ERLC to HHS: Mandate is 'religious persecution'
WASHINGTON (BP) -- The Obama administration's continued refusal to provide conscience protections in its abortion/contraception mandate is "a form of religious persecution," according to the Southern Baptist Convention's ethics entity.
The critique by the Ethics & Religious Liberty Commission (ERLC) came in a comment submitted Monday (April 8) to the Department of Health and Human Services (HHS). The four-page letter from ERLC President Richard Land went to HHS on the final day of a comment period provided in response to the department's latest proposed rule change to address objections that the abortion/contraception mandate fails to protect religious freedom.
The mandate -- which is a part of HHS regulations implementing the 2010 health-care reform law -- requires employers to carry insurance plans that cover drugs defined by the Food and Drug Administration as contraceptives, even if they can cause chemical abortions.
The ERLC and many others submitted comments after HHS proposed Feb. 1 a change that religious liberty advocates acknowledge apparently protects churches and church ministries. They say, however, it will make other objecting employers -- including many religious organizations -- unwilling participants in underwriting both contraceptive and abortion-causing pills. Under the revision, dissenting employers would still have to be affiliated with an insurance plan connected to coverage of such pills and may end up absorbing increased costs for the drugs if the insurance companies pay for them and consequently increase rates.
The ERLC's Land told HHS it "makes no difference if the administration does not hold the same conviction" as those who oppose underwriting contraception for others.
"Through its mandate, HHS is abusing the authority of the federal government by forcing believers to choose between either offending their God and violating their consciences or facing crushing fines and possible imprisonment for adhering to their deeply held moral convictions," Land said. "This is, by definition, a form of religious persecution."
The proposed rule also fails to protect the consciences of pro-life Americans who do not object to non-abortifacient contraceptives, Land said.
The mandate "is the first time the government has forced pro-life citizens to fund, directly or indirectly, insurance coverage for abortion-causing activities," he told HHS. "This is an egregious abuse of federal power."
The mandate not only continues to violate the beliefs of Americans who oppose abortions and/or contraceptives, it also "represents a fundamental breach of the freedoms of conscience and religion for all Americans in principle," Land said.
"In its most basic essence, the mandate is the federal government abusing its authority by forcing Citizen A, against his or her convictions, to purchase a product for Citizen B. This should trouble every American," Land told HHS. "If the federal government can force morally opposed Catholics, for example, to purchase contraception for a third party and force pro-life Americans to purchase abortion-causing drugs for a third party, what prevents this or future administrations from forcing other Americans to betray their deeply held convictions?"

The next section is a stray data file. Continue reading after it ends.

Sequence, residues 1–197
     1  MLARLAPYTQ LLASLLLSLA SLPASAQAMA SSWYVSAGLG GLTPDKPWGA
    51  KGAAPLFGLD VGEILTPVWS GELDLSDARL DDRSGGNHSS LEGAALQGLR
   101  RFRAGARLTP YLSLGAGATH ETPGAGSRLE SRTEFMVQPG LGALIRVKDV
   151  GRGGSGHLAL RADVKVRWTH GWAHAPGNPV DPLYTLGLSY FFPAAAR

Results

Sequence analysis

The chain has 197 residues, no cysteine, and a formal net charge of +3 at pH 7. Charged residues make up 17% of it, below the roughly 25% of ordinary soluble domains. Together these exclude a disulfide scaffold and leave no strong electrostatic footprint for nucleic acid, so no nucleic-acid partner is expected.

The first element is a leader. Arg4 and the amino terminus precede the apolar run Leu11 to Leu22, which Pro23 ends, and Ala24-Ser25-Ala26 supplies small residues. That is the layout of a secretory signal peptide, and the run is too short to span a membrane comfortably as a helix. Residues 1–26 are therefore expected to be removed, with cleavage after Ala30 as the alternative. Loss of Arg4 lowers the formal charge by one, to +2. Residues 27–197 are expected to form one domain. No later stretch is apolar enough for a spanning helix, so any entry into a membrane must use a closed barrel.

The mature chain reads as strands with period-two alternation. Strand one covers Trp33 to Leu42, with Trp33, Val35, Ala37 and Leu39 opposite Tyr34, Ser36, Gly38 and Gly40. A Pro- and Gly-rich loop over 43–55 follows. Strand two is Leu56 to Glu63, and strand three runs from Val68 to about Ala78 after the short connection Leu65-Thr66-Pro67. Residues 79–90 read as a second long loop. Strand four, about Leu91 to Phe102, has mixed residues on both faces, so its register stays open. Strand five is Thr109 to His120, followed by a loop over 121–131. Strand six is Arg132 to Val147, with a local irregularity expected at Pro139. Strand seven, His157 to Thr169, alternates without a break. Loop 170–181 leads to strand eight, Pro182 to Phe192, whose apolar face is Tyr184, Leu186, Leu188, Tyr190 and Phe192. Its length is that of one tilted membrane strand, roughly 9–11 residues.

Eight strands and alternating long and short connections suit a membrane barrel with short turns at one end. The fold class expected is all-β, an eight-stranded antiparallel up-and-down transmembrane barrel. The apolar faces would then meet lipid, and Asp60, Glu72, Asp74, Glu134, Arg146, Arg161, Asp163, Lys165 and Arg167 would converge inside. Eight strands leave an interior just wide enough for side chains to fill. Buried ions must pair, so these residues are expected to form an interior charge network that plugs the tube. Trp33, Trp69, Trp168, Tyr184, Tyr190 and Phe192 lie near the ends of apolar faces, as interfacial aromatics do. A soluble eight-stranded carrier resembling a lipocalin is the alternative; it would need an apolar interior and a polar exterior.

He urged HHS to bring the mandate in line with the free exercise of religion clause in the U.S. Constitution's First Amendment.
"Anything short of protecting the freedoms of conscience and religious expression for all Americans -- not merely houses of worship and their integrated auxiliaries -- is unacceptable," Land said. "This necessarily means exemptions for all individuals, small businesses, and corporations that wish to direct their economic activities according to the dictates of their consciences."
The latest proposal joins HHS' original August 2011 abortion/contraception mandate and the March 2012 proposed version in failing to address the religious liberty concerns of the ERLC, Land said. The Roman Catholic Church and many organizations espousing pro-life and religious liberty beliefs have expressed similar concerns to HHS.
The proposal fails to provide relief not only to many religious organizations but to objecting, for-profit businesses such as Tyndale House Publishers and retail chain Hobby Lobby, which is owned by pro-life Christians.
Opponents of the mandate have fared well in federal court so far. Of the lawsuits filed by for-profits, the businesses have won injunctions preventing enforcement in 17 of 23 rulings, according to the Becket Fund for Religious Liberty. No court has ruled so far on the merits of the 30 legal challenges from non-profits, the Becket Fund reported.
The ERLC has signed onto five briefs defending the religious freedom of entities challenging the mandate at the appeals court level.
Drugs considered contraceptives under the mandate include Plan B and other "morning-after" pills, which can prevent implantation of tiny embryos. Such a secondary, post-fertilization mechanism of the pill would cause an abortion. The mandate also covers "ella," which -- in a fashion similar to the abortion drug RU 486 -- can even act after implantation to end the life of the child.
More than 147,000 individuals and organizations have commented on the abortion/contraception mandate since the rule was first proposed, the Sunlight Foundation reported March 22. Foes of the rule have submitted most of those comments. The number of comments for the regulatory proposal that is the runner-up government-wide is only 4,600, according to the foundation.
The ERLC's full comment to HHS may be accessed online at http://erlc.com/article/letter-to-hhs-comment-on-failed-religious-accommodation.
Tom Strode is Washington bureau chief for Baptist Press. With reporting by Michael Foust, associate editor of Baptist Press.